Wednesday, February 17, 2010

The Bill Clinton Years: the 1990s

George H. W. Bush was elected in 1988 despite many people predicting it was time for the democrats to take over. He won mainly by riding the economic high tide created by Ronald Reagan. He won because of statements, promises, like "Read my lips: No new taxes."

Well, he did something that no politician should ever do, yet most do, and that is renege on a promise. Following 12 years of unfettered conservatism and republicanism, there was bound to be a slip of the pen caused by either bad advice or poor decision making. Of course the progressive democrats were in control of Congress and they were insisting that tax hikes were needed to pay for government services and to balance the budget. And, so he could gain favor with the opposition party in Congress to perhaps pass some of his bills later, Bush agreed to renege on his earlier promise to not raise taxes. This, coupled with the fact Americans don't like to have one party in the White House for too long, meant the end of republicans in the White House. But not the end of the Reagan tide.

By the end of Bush's four years the economy was in what turned out to be one of the mildest recessions ever. Although it was enough to sway the public into voting for the Governor from Arkansas, Bill Clinton. Yep, that slight slip of the pen by Bush due to bad advice took more dollars out of the pockets of people who already had less, causing them to spend less, resulting in a loss of profits by businesses, causing them to lay off workers, hire less, and thus the economy slipped ever so slightly but enough to land Clinton in the White House.

Now we have to note here that Clinton was not elected by a majority and he was helped along by Ross Perot who took away the votes needed Bush needed to win. Although there were many Conservatives -- Reagan Conservatives -- who were unhappy with the not so conservative decision by Bush, that they did not back him and put their efforts behind the more conservative Perot (who actually taught us that independent parties can generate support, but cannot win).

The result was Bill Clinton became President in 1992. The economy quickly recovered and continued to soar. Bill Clinton's popularity soared as he rode the economic tide created by Reagan. The economy created by Reaganomics was so strong the Bush recession turned out to be but a minor blip in the road.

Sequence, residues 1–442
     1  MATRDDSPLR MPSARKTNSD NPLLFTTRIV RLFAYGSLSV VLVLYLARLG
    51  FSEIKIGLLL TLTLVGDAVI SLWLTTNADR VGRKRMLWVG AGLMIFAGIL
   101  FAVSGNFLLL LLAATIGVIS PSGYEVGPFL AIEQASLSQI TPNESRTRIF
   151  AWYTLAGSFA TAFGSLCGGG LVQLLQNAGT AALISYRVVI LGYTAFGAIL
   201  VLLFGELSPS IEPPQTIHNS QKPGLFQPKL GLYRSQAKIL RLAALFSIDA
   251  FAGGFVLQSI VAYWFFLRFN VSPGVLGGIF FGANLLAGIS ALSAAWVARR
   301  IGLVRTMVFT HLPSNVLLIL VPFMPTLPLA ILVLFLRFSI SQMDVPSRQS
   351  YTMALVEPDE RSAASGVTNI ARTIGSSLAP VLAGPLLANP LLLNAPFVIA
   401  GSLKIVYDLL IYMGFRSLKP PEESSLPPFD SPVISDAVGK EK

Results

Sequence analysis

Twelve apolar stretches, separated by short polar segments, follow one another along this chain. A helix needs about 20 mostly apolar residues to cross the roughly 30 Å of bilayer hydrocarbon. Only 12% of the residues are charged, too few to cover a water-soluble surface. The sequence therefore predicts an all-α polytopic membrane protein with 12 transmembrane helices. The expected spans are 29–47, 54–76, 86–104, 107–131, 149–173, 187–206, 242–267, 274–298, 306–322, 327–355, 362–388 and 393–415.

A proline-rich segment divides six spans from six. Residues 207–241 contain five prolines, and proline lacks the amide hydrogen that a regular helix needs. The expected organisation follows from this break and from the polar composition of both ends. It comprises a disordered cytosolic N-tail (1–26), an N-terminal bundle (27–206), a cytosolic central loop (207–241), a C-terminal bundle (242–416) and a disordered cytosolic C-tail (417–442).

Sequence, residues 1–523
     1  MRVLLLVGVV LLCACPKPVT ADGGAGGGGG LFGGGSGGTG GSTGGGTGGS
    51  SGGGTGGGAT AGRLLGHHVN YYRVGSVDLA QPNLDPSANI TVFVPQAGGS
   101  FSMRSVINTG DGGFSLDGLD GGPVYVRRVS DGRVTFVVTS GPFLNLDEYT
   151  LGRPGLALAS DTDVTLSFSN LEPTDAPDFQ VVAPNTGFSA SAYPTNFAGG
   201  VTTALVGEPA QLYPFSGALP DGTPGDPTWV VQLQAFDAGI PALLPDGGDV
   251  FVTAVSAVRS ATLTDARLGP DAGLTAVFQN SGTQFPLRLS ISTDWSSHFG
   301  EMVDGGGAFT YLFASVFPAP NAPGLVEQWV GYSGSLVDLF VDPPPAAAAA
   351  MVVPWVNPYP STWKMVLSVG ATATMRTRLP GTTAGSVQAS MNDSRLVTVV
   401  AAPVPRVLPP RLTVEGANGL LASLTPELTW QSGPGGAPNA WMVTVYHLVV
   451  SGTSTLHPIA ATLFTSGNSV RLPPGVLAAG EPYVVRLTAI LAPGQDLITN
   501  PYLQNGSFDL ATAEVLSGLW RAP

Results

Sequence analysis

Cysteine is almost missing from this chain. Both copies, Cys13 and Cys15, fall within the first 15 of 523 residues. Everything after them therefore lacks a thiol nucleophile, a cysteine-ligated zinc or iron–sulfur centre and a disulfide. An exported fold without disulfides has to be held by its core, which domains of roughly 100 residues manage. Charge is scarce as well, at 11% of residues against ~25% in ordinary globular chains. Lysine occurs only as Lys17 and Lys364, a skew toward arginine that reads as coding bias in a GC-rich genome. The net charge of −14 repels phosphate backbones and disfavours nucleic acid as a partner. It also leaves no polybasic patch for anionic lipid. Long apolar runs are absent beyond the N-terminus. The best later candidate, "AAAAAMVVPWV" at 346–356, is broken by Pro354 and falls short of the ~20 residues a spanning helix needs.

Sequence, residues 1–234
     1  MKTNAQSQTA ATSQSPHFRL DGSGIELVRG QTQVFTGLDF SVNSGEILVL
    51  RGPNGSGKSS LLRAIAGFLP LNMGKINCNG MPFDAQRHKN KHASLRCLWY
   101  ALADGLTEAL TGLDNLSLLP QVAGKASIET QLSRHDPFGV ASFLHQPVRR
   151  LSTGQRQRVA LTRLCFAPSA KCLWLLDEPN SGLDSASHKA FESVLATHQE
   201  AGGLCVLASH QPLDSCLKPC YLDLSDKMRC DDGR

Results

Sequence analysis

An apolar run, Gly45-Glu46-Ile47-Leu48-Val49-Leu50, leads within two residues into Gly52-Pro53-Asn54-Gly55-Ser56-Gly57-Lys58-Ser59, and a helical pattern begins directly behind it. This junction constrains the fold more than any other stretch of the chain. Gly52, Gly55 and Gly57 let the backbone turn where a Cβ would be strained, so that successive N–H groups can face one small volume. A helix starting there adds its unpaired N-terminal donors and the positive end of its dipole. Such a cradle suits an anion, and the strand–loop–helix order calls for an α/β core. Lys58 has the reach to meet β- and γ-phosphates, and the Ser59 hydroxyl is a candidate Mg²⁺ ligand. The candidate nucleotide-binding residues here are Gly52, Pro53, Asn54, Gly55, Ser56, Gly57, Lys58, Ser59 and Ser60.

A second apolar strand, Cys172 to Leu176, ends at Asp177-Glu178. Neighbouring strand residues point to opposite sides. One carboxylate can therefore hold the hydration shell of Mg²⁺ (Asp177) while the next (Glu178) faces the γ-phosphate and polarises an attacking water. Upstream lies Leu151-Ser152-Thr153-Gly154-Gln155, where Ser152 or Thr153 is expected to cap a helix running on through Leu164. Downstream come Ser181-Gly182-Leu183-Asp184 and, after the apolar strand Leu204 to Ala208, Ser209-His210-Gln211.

In 1993 Bill Clinton did something that every liberal (progressive) and Keynesian lover loves to do, and that is to continue dropping the seeds of progressivism, and signed into law one of the largest tax increases in American history. As you and I know, liberals, and progressives, falsely believe that raising taxes will make more money for the federal government. Yet, we also know this has never happened. Well, it may short term, but in the long run it causes government profits to decrease as those who are taxed find ways to get out of paying those taxes. Plus, the progressives believe that a slight dip in the economy is fine so long as we have the long-term goal of creating a socialist America, an ideal America, at the forefront of our vision.

The dip in the economy created by the tax increase created an uneasiness among the voters, and they ultimately voted the democrats out of power in the House, and for the first time in over 40 years Republicans controlled Congress. And, thus, this started the Newt Gingrich revolution.

Gingrich's House, capped by the Contract with America, powered Conservatives, and united republicans. The most important thing on that Contract with America called for tax cuts -- particularly capital gains tax cuts. Due to his desire to get along with Congress to pass his agenda later, Clinton (perhaps due to bad advice from his staffers), signed the Gingrich tax cuts into law. The result was the economy began to soar again. It was so strong it overlapped whatever economic woes were created by the Bush and Clinton tax increases.

Of course Clinton was also helped out by something else that needs mention, and that is the Internet Bubble. The economy was soaring so well by 1994 that Clinton was re-elected. Of course the liberal media and historians credit Clinton's economic policies for the boom, however, we here in the real history know Gingrich's tax cuts and the Internet Bubble are the real reasons Clinton was re-elected. Plus the fact that Bob Dole was a moderate republican who didn't really have much unique from Clinton to offer, so voters opted to go with Clinton again. Although he still did not receive a majority of votes.

So, there are four reasons why Clinton was re-elected:
  • Gingrich tax cuts
  • Reagan tide
  • Poor opponent
  • Internet bubble

However, his economic policies, his BIG tax hike of 1993, came back to bit him. By 2000 the Internet Bubble burst and the economy tanked. That, coupled with taxes that were too high, caused people to stop spending, businesses to stop expanding and creating new jobs, and cutting jobs, and thus the Clinton recession of 2000 was the result.

This, my friends, resulted in George W. Bush taking over a big lead in the polls until a few days before the election when the liberal-progressive media conveniently published a story that was not news at all, but old news, that GWB was pulled over for drunk driving many years ago. Some voters were irked by this, and switched their votes. This is what resulted in the Closely contested election of 2000.

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